Well, well. Dave Boyle pointed me to this story from the April 3 edition of Boston.com:
Back in 2002, a new employee of Harvard University’s endowment manager named Iris Mack wrote a letter to the school’s president, Lawrence Summers, that would ultimately get her fired.
In the letter, dated May 12 of that year, Mack told Summers that she was “deeply troubled and surprised” by things she had seen in her new job as a quantitative analyst at Harvard Management Co.
She would go on to say, in later e-mails and conversations, that she felt the endowment was taking on too much risk in derivatives investments, and that she suspected some of her colleagues were engaging in insider trading, according to a separate letter written by her lawyer that summarized the correspondence.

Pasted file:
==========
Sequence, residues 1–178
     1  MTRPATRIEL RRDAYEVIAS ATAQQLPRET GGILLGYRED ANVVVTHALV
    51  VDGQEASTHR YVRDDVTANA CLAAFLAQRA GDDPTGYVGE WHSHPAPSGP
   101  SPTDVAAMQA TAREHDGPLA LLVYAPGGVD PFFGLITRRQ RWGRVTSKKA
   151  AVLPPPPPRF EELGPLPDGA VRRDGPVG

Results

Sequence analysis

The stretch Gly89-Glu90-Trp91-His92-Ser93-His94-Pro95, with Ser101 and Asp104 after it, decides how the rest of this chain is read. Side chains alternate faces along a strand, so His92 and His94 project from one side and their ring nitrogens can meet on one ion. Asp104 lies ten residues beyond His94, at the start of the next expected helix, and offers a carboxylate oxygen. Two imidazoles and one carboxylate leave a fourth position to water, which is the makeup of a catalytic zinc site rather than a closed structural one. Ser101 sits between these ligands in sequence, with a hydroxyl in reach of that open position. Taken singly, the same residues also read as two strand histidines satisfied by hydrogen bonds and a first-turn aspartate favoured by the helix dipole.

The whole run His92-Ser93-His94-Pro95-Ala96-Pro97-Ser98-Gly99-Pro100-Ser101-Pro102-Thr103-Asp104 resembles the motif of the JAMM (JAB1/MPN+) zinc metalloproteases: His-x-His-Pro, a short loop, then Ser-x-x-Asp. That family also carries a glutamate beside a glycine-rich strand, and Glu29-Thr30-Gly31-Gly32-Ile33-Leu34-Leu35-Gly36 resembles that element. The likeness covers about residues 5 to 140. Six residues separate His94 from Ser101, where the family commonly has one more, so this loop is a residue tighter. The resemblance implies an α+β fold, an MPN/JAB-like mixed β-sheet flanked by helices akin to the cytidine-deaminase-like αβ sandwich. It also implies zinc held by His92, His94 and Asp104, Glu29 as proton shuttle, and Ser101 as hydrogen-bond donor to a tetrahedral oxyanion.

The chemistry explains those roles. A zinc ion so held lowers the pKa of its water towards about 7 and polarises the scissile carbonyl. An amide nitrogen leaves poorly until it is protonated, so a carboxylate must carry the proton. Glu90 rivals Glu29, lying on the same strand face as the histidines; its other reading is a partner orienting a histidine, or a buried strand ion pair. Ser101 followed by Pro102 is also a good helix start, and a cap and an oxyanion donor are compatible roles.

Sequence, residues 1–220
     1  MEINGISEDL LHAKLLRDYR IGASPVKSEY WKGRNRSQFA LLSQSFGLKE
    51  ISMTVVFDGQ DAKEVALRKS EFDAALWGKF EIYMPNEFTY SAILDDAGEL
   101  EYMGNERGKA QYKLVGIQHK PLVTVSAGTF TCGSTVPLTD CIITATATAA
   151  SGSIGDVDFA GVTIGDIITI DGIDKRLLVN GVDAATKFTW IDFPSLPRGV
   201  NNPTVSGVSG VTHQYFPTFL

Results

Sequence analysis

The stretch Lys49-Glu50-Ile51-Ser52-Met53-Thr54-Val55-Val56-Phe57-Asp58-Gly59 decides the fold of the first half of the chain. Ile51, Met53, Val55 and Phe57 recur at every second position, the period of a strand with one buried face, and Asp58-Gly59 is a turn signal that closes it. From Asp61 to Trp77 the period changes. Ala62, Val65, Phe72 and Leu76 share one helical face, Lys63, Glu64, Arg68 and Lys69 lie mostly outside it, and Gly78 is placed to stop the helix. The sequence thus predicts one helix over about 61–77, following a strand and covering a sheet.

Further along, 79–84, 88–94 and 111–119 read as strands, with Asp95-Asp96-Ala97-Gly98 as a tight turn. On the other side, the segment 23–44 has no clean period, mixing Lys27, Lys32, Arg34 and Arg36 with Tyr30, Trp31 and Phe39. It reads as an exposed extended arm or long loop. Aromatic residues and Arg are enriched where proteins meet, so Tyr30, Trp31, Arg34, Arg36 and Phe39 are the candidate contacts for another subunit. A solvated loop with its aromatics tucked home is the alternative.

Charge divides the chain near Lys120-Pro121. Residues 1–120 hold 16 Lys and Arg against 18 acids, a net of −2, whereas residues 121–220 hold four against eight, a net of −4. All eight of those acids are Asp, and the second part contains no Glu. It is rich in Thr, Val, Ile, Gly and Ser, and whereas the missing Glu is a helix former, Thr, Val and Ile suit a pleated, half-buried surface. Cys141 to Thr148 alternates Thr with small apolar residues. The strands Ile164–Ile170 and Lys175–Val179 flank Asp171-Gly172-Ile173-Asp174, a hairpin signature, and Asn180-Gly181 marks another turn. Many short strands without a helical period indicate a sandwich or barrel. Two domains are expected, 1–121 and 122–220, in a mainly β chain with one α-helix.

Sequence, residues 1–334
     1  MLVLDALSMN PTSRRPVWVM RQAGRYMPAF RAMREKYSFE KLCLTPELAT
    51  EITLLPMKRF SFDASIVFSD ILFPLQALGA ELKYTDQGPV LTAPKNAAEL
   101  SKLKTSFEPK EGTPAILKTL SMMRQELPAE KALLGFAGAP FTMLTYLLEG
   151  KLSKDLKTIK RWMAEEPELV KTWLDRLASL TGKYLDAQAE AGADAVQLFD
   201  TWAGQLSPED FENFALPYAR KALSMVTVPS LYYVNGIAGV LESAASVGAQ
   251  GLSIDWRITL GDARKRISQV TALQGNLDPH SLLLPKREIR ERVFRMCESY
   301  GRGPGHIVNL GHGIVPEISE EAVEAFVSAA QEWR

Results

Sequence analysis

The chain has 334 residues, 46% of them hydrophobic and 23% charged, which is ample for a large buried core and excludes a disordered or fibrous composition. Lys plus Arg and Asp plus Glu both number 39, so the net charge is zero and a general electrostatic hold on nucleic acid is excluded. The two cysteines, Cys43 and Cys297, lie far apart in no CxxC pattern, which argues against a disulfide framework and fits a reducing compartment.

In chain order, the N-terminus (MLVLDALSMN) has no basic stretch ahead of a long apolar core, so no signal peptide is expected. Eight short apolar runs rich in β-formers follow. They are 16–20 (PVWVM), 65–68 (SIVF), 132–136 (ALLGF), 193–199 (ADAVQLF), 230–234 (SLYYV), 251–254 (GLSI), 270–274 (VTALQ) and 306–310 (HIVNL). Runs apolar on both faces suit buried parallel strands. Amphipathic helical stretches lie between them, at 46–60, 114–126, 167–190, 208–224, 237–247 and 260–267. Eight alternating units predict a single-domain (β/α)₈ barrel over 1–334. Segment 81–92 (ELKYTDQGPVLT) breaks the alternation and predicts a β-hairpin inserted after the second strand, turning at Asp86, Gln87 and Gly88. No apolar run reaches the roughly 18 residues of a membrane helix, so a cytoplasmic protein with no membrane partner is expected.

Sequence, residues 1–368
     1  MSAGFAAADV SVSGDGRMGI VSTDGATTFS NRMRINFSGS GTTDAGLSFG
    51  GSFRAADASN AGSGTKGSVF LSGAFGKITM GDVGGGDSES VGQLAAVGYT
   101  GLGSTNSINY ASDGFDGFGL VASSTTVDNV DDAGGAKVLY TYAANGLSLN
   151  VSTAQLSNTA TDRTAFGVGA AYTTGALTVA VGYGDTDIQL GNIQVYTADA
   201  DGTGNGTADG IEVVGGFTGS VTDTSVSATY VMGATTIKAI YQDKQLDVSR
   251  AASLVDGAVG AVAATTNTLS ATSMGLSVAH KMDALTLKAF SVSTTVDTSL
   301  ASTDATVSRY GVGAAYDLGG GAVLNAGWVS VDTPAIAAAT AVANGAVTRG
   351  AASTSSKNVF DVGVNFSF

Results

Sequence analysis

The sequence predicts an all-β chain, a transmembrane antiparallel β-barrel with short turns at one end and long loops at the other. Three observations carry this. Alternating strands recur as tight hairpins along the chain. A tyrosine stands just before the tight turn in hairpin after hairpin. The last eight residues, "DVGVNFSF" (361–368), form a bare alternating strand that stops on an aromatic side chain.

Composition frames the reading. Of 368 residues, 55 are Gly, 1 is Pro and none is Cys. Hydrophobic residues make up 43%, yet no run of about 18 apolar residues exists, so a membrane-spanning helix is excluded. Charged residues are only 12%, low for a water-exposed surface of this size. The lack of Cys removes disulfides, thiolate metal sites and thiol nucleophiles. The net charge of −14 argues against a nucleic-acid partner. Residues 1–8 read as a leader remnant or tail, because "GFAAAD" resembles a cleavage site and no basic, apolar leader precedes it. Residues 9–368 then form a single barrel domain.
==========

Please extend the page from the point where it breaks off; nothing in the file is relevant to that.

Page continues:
On July 2 Mack was fired. But six years later, the kinds of investments she allegedly warned about did blow up on Harvard. The endowment plunged 22 percent last summer, in part due to the collapse of the credit markets. As a result, the school is cutting costs and under criticism that it took on too much risk in its investment portfolio.
Mack, who holds a doctorate in mathematics from Harvard, had been with Harvard Management for just four months when she approached Summers. She asked him to keep her communications confidential, or risk making her life “a living hell.”
But on July 1, Mack was called into a meeting by her boss, Jack Meyer, then the chief of Harvard Management.
The next day Meyer fired her, according to the letter from her attorney, Jonathan Margolis, a copy of which was obtained by the Globe. Meyer told Mack that she was fired for making “baseless allegations against HMC to individuals outside of HMC,” according to the Margolis letter…